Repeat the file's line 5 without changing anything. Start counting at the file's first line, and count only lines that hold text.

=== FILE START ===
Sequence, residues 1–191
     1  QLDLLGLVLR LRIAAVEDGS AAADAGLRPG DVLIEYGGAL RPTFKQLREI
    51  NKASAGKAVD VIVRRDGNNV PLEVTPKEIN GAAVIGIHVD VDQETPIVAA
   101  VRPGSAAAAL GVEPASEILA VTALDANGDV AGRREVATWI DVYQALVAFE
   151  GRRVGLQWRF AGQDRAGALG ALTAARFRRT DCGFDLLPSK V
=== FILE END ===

   151  GRRVGLQWRF AGQDRAGALG ALTAARFRRT DCGFDLLPSK V